Hemmingway and the Huge Hole

Do you ever wonder if Hemmingway would have blogged? I don’t know why I thought of that today. I was sitting in front of the Arizona Crater National Park – a huge hole in the ground result of a massive impact thousands of years ago. It’s impressive, as huge holes go, and I was struggling to find words that would capture the power that must have been unleashed to cause such a colossal depression, weaving them into the story of my journey – but for some reason all that came to mind was Travels with Charley; the Steinbeck novel where he drives around the country talking to his damn dog the whole time. You know the one, we were all forced to read it in high school. Maybe it had to do with my little dog waiting behind in my car. 


I breathed deeply, trying to focus; deciding maybe I would channel Hemmingway – the greatest of all travel writers – and by doing so scare away the ghost of John Steinbeck and his infernal hound (I think he was a hound, I can’t really remember – it’s been a long time since high school). 

Now in point of fact I’m not even a Hemmingway fan; I find his writing sort of rambling and awkward. Like a really long email that you just can’t find the energy to open. I know, as a novelist myself I shouldn’t admit that – tantamount to some sort of personal confession. But I can’t help it; I put him in the same category as Gabriel Garcia Marquez, whose pornographic monotony is epitomized by his greatest work “100 Years of Solitude” which is exactly what I would need if I were ever to really try to finish that “masterpiece”.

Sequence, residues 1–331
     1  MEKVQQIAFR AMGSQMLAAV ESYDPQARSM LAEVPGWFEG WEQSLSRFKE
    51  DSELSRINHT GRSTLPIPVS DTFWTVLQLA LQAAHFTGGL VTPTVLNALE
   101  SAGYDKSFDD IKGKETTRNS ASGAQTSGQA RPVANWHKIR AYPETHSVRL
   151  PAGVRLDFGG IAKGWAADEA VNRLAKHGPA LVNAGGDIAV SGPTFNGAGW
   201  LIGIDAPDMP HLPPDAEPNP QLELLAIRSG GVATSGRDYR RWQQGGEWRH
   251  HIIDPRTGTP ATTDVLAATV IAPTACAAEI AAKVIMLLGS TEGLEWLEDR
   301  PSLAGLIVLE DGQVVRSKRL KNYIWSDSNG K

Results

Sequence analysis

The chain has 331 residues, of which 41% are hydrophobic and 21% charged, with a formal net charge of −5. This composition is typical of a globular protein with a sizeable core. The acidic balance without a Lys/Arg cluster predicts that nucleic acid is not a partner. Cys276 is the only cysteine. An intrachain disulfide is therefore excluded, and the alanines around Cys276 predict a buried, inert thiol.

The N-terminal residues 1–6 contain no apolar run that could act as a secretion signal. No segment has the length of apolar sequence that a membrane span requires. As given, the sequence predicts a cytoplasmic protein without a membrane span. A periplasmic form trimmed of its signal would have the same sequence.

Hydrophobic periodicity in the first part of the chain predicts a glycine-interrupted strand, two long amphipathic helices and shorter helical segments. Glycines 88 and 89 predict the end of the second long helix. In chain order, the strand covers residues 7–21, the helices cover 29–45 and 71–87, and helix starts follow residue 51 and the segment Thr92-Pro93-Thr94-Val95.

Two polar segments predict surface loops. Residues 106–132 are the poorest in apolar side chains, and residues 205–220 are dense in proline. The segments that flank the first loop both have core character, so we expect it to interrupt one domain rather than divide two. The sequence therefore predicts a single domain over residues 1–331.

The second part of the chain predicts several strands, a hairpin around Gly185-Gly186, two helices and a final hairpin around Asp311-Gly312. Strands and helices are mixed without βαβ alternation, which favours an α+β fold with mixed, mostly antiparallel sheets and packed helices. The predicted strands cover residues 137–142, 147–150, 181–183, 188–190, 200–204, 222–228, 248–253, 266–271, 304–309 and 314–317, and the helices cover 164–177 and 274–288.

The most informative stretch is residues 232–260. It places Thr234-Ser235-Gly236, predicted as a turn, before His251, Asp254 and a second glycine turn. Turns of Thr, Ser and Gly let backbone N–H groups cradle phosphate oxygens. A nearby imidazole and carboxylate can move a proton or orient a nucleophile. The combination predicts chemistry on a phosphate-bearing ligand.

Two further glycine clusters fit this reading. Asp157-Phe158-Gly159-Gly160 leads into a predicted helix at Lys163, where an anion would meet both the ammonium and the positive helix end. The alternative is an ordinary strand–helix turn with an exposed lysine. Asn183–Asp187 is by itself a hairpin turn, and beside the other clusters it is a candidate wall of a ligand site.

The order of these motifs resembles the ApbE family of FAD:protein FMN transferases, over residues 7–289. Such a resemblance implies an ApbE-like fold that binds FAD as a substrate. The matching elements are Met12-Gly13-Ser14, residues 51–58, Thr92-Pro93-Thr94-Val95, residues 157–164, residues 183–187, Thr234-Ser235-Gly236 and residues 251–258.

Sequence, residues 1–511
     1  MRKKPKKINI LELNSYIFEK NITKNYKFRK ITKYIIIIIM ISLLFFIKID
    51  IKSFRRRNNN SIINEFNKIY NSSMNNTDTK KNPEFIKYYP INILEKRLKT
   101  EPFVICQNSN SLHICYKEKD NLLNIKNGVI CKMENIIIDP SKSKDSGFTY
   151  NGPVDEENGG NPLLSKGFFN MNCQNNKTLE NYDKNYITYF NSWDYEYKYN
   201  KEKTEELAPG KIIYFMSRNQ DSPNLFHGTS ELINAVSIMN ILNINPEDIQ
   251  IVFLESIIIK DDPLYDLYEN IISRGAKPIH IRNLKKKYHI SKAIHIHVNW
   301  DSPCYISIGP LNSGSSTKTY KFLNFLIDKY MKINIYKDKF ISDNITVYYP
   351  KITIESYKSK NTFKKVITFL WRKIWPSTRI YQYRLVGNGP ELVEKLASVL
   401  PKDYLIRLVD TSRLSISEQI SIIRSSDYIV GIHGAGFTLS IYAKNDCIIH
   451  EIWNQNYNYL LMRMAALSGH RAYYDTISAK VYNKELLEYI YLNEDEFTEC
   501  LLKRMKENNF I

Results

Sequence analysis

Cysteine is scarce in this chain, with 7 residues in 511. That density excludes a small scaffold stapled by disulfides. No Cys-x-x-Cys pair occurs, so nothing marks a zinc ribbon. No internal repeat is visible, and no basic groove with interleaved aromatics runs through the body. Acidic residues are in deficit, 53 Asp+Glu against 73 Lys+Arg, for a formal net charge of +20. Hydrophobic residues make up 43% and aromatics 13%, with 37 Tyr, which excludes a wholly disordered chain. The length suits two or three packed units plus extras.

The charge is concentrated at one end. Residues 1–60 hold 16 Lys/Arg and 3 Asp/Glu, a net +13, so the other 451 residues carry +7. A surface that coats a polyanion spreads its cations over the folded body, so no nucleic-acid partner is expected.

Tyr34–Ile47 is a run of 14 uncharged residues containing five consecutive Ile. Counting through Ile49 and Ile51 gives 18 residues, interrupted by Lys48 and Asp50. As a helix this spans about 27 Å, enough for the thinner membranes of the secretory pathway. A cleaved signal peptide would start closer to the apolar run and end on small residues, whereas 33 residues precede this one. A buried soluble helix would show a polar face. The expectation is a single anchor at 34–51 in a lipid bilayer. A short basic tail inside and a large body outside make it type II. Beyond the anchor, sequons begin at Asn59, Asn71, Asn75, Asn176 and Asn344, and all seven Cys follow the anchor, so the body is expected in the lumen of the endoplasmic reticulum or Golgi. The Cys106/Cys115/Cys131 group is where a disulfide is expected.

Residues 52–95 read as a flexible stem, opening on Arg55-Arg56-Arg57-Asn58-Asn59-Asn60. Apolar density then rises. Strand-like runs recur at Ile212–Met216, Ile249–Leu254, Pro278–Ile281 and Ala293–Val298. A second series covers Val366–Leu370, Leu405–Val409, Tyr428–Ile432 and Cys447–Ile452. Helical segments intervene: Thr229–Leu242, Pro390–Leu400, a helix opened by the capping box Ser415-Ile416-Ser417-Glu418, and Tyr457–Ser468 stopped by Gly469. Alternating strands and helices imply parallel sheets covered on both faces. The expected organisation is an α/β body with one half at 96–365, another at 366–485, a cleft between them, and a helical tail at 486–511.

Yet I digress.   

I walked back from the massive hole down to my van, trying to think of how Hemingway would have approached his blog – assuming he would blog about it at all – when I was confronted by a massive raven staring down through the windshield at my tiny dog, who was shivering in fear in the front seat of the vehicle. Poe maybe? Now there is a writer I do like! What would Poe say about a huge hole?

I am still pondering that one – not at all convinced that Poe would have wasted his time on that huge, old crater. Despite the fact that he might not – I have, and have now wasted your time with my adventure. I do hope you visit the hole – it’s quite worth it; quite impressive really – even if the only one who might write about it is a lonely novelist with his fool dog.   

About Joel D. Hirst

Joel D. Hirst is a novelist and a playwright. His most recently released work is "Dreams of the Defeated: A Play in Two Acts" about a political prisoner in a dystopian regime. His novels include "I, Charles, From the Camps" about the life of a young man in the African camps and "Lords of Misrule" about the making and unmaking of a jihadist in the Sahara. "The Lieutenant of San Porfirio" and its sequel "The Burning of San Porfirio" are about the rise and fall of socialist Venezuela (with magic).
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1 Response to Hemmingway and the Huge Hole

  1. gimh60 says:

    Full of humour, interesting article.

    Liked by 1 person

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